A designer who worked with the late dressmaker to the Queen has revealed how the monarch’s ‘marvellous’ figure made her the perfect 1950s ‘fashion plate’ in the early years of her reign.
Jon Moore worked for Hardy Amies – the man responsible for some of the monarch’s most striking ensembles worn on her early Commonwealth tours – and said his mentor had relished creating outfits for the Queen, because her hourglass figure was perfect for ’50s fashions.
Amies was the official dressmaker to the Queen from her accession in 1952 until he retired from the role in 1989.
Moore, who began working with Amies in 1979, shared the anecdotes he picked up over the years in new documentary series Elizabeth: Our Queen – including how dresses that had been fitted on models had to be taken in to fit the royal’s tiny waist.
One stand-out frock, said Moore in the episode which aired Tuesday night, was a white number she wore on a visit to Australia in 1954, which Amies and his team decided made her look like a ‘fashion model’.
This dress, worn by the Queen on a visit to Sydney, Australia, in 1954, was a particular favourite of Amies and his team, thanks to the way it emphasised her fashion model proportions
The Queen, seen wearing Hardy Amies, had asked him for ‘clean and simple’ designs, and didn’t want to look like ‘the girl on the cover of Vogue’
The Queen first visited Amies’ Saville Row studio in 1950, and by 1955 he was granted a Royal Warrant, joining the famous couturier who served the Queen and the Queen Mother before her, Norman Hartnell.
Despite her model-like proportions, the young royal told Amies she did not want to look like the ‘girl on the cover of Vogue’, and as such he became known for the ‘clean and simple’ designs he conjured for the Queen.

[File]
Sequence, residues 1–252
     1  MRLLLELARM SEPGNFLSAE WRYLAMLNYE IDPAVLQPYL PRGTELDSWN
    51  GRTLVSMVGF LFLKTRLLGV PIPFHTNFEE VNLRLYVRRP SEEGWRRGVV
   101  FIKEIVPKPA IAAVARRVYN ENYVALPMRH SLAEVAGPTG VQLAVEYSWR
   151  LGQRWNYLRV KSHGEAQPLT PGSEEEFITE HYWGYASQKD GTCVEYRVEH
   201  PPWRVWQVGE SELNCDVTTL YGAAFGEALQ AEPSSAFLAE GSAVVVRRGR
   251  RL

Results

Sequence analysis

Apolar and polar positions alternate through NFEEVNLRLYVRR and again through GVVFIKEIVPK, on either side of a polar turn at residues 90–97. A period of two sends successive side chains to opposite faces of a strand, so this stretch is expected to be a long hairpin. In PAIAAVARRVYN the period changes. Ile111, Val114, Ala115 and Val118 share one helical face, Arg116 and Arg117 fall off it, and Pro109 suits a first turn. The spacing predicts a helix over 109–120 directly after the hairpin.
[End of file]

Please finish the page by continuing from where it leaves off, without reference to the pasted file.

Moore said on the show: ‘Whereas Hartnell did a lot of fluffy, frilly dresses with a lot of embroidery on them, that was never Hardy’s look… he liked things to be very clean and simple.’
The stand-out dress from the Australian tour was white, mid-length and form fitting, and free from any major embellishment.
Jon Moore, seen left in the new Channel 5 documentary, worked for the Queen’s official dressmaker, Hardy Amies, seen right
Moore said of the frock: ‘It was such a chic outfit. It was very unusual in that it had a very narrow straight long skirt showing off her slim hips, fantastic narrow waist, that wonderful bust, that wonderful little parasol which was a very ’50s accessory.
‘I always thought she looked in that like a ’50s fashion model, and not so much like the Queen of England. She really did look amazing.’
Moore said the Queen had the ideal figure for a woman in the 50’s, and was a great ‘fashion plate’ for Amies to work with.
Amies, by then Sir Edwin Hardy Amies, retired in 1989, and the Queen was among those to pay tribute to him upon his death in 2003.
This Hardy Amies frock was worn by the monarch at a banquet at Claridges Hotel in 1974
A Hardy Amies evening gown worn by the Queen in Nova Scotia in August 1959
Buckingham Palace said at the time: ‘The Queen was very sad to hear of Sir Hardy’s death. He contributed to her wardrobe over many years and she is, of course, saddened that he has died.’
While she has always steered clear of outlandish or attention-grabbing choices, those closest to the Queen have spoken of how she enjoys fashion.
Her current senior dresser, Angela Kelly, previously revealed that she is something of an expert when it comes to materials.
Kelly has said: ‘The Queen loves clothes and is a real expert on fabrics. It’s not been me teaching the Queen — it’s the other way round.’
Elizabeth: Our Queen continues Tuesday on Channel 5
Moore recalled how one dress had to be sent back for alterations because it was too big for the Queen on the waist, but had been too small for their models
Those closest to the Queen discuss her love of fashion in tonight’s episode of Elizabeth: Our Queen